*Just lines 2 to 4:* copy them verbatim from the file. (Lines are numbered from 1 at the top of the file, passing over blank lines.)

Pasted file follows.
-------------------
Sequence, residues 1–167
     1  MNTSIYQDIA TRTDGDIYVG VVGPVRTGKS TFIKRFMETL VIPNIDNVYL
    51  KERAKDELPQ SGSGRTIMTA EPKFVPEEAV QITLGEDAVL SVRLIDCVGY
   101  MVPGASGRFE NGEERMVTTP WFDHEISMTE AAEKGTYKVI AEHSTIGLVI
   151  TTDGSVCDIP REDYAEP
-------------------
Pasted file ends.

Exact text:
     1  MNTSIYQDIA TRTDGDIYVG VVGPVRTGKS TFIKRFMETL VIPNIDNVYL
    51  KERAKDELPQ SGSGRTIMTA EPKFVPEEAV QITLGEDAVL SVRLIDCVGY
   101  MVPGASGRFE NGEERMVTTP WFDHEISMTE AAEKGTYKVI AEHSTIGLVI